In Living Colour: Chic Gaylord
Updated: Feb 18
It's 1955 and Chic Gaylord puts out his only catalog that is still encountered today and accompanied by price lists of various dates of the late 1950s. His prices are incredibly low compared with Seventrees that follows a decade later; so despite Paris' rep as a very ordinary businessman at least he didn't underprice his goods (of which many have survived into the present day, not bad for a tiny operation). Colorized for our entertainment:
Chic doesn't describe 'boning' as being for retention -- because boning is not detail molding the leather but instead was a process he used to smooth the flesh side of his horsehide, by applying a plastic ball on a shaft in an electric drill to the wetted leather. Notice that he doesn't speak of retention at all on his 13 point list. 'Directional Draw' is explained in Paul Weston's book with a chapter about Chic, as meaning the holster has a 'point of view' for a particular type of target; so a shoulder holster is ideal for targets off to that one side vs. a belt scabbard being for targets that will be directly ahead of the officer.
Now notice not only Chic's low prices; notice the sting in the tail: forty percent off and 30 day TERMS to dealers; because, well, that's what everyone else does, e.g., Bianchi Holsters. So he's being paid just $3.00 per holster -- and event then only 'eventually' (gunleather dealers didn't, and don't, pay in 30 days; because instead they want to sell guns depite their low margins then and now):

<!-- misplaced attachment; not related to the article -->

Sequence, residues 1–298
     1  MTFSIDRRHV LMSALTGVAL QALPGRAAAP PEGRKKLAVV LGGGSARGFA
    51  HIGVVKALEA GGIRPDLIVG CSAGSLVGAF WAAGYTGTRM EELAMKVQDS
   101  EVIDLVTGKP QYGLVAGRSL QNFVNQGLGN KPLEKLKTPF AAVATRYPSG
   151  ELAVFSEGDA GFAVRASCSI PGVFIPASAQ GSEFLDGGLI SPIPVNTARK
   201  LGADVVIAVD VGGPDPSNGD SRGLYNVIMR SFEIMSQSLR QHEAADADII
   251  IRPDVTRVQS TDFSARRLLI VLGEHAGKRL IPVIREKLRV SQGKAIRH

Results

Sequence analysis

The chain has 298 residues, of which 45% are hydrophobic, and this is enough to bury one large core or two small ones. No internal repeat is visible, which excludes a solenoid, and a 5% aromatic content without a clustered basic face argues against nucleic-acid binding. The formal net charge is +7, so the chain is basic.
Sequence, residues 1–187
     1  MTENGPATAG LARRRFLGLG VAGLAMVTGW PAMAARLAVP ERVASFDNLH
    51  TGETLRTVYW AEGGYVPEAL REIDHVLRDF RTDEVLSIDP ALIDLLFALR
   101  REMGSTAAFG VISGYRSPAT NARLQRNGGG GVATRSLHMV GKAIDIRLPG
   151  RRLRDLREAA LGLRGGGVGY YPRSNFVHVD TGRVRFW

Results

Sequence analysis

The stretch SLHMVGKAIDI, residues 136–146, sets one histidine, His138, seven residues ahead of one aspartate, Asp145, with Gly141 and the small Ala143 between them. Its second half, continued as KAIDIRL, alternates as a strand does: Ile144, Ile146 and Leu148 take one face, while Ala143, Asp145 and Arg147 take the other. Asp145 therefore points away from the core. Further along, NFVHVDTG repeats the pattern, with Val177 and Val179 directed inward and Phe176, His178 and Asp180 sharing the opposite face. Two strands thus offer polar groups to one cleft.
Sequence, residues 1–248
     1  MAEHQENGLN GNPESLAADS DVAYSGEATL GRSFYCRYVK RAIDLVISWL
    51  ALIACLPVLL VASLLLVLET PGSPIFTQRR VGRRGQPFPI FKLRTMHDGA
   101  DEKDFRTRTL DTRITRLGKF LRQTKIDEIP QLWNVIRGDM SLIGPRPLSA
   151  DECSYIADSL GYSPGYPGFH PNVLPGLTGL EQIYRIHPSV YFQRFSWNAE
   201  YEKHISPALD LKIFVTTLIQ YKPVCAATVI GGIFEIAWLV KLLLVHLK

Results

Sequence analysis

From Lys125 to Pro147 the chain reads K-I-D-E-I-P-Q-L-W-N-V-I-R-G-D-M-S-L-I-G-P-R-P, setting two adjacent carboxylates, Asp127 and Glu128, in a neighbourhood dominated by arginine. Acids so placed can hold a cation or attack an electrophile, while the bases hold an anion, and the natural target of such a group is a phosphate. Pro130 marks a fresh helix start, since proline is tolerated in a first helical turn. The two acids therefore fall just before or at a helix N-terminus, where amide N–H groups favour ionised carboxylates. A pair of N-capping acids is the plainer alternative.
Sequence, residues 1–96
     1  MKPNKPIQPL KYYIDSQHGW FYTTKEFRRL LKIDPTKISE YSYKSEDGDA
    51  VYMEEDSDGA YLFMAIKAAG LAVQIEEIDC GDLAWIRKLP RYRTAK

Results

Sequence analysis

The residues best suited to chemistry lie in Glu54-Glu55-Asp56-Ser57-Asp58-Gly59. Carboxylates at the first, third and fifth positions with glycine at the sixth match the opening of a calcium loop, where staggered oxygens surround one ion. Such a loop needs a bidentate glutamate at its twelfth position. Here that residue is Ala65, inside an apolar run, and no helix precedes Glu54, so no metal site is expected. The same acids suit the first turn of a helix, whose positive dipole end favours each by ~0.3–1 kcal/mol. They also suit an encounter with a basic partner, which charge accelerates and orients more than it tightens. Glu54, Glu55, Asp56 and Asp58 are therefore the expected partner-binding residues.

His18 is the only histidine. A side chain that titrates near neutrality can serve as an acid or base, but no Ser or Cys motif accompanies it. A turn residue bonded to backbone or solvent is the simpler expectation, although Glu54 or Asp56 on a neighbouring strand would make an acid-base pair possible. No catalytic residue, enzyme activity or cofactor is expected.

What is arguably Chic's most famous design, because it was one he supplied to Elmer Keith (whose big .44s kept falling from it, leading to the copy by Sparks of the style with the Sloan retention system inside it), is this one that I reckon is the improvement to the Federal Speed Scabbard; there is an identical one (less the Bohlin retainer strap that Keith has affixed to it for the reason stated) for the same .44 frame, on eBay right now (which has sold immediately, to a friend of mine):
This appears to be an improvement of his Federal Speed Scabbard, which in his catalog has a mockery of a hammer guard while this one is a full shroud for the rear sights and the target hammers used in the field by the likes of Elmer Keith. Same oddly-shaped shroud was used on Milt's copy of it and by no other maker since.
Oh yeah, colourised images of Chic's book. They're no substitutes for the book, which, encountering it in an Oakland CA library in '66 when I returned from London age 16, showed me that holsters c/b sexy and not clunky like the Myres and Heisers, for example: